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Ottawa Fertility Law - Great Expectations


Sometimes intended parents separate during the pregnancy or after the birth of the child. There appears to be some confusion in Ontario family courts about the legal parentage rights of non-biological intended parents when this happens.

Often non-biological parents wonder if they have any actual parental rights since they are not biological parents of the child.

In cases where two people are the intended parents of a child conceived through ART, it is possible that:

  1. neither parent has a genetic link to the child (common in male same-sex parents where donor sperm and egg were used; or
  2. that one parent only has a genetic link to the child (common in female same-sex parents parents where donor sperm was used, for example).

If a child was conceived through ART, and only one of the intended parents is genetically linked, an issue of parentage arises if the parents separate before the birth or at the time of the birth. The non-biological intended parent can nonetheless assert parental rights.

In cases where two people separate after they have been parents to a child, and only one of the parents is genetically linked, the status of the non-biological parent as a parent of the child may have never been formalized. That does not prevent the non-biological parent from making successful claims of custody of the child, or to have regular access to the child. One issue the courts will consider to determine custody and access of a child is the previous involvement of the non-biological parent with the child. This concept is called “in loco parentis” (in the parent’s place), and it refers to someone who has acted as a parent towards a child. This means that if you spent some time providing care to a child, or financially supporting the family so the other parent could stay home with the child, you likely will have rights of custody and access to the child. Of course, you might have the obligation to provide child support, too!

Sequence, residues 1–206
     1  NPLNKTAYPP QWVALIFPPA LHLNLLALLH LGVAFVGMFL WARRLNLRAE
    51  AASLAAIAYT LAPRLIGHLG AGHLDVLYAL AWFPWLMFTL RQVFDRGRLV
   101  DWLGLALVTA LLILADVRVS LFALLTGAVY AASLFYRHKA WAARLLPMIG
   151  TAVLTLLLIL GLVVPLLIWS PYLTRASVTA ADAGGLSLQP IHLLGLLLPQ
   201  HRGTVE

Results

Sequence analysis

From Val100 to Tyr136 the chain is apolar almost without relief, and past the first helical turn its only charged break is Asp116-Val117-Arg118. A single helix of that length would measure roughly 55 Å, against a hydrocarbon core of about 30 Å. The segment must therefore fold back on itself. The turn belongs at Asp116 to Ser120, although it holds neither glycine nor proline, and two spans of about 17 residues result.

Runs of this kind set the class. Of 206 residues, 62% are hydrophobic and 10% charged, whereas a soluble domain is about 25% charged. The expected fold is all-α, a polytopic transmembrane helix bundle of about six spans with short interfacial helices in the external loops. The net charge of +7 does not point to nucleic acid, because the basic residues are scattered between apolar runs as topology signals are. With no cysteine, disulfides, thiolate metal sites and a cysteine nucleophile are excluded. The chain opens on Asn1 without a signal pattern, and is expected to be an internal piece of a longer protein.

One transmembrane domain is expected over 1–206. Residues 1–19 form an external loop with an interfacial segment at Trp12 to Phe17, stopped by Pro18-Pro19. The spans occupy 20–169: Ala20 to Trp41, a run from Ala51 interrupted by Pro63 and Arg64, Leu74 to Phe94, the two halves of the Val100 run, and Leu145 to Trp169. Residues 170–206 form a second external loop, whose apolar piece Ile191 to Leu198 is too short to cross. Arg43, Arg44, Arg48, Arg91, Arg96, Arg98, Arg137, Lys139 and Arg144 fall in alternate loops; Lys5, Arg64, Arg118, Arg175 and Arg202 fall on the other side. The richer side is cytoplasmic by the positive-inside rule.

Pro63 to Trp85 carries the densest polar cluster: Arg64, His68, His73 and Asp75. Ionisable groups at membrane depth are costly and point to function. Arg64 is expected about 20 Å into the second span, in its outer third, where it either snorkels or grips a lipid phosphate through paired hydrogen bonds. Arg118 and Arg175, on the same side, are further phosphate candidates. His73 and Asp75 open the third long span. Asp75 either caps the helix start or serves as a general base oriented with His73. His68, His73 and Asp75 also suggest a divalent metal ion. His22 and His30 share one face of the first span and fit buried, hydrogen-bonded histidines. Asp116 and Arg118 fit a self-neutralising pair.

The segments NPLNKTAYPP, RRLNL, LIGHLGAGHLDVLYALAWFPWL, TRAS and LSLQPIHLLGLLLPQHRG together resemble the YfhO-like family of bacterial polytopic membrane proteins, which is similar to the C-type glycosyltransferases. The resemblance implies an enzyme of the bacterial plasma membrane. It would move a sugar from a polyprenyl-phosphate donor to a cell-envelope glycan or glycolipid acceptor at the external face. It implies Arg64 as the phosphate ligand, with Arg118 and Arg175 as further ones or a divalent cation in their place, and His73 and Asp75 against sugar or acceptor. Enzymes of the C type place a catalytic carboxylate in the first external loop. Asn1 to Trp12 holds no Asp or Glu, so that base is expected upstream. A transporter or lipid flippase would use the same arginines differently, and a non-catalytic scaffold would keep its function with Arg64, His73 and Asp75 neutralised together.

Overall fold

Legal parentage as a concept, is much broader than rights of custody and access. It means that if the biological parent dies, you may be able to become the legal guardian of the child.

If you used a donor or surrogacy agreement, hopefully you have included terms in the agreement which confirm the intentions of the parents. Your agreeement should have included a provision that, regardless of the status of the relationship, the parties would apply for an adoption order or a declaration of parentage to secure the rights of the non-biological parent. These two options would lead to the non-biological parent being registered on the birth certificate of the child, as a legal parent of the child.

Every situation is different. Talk to us about your family and we can advise you.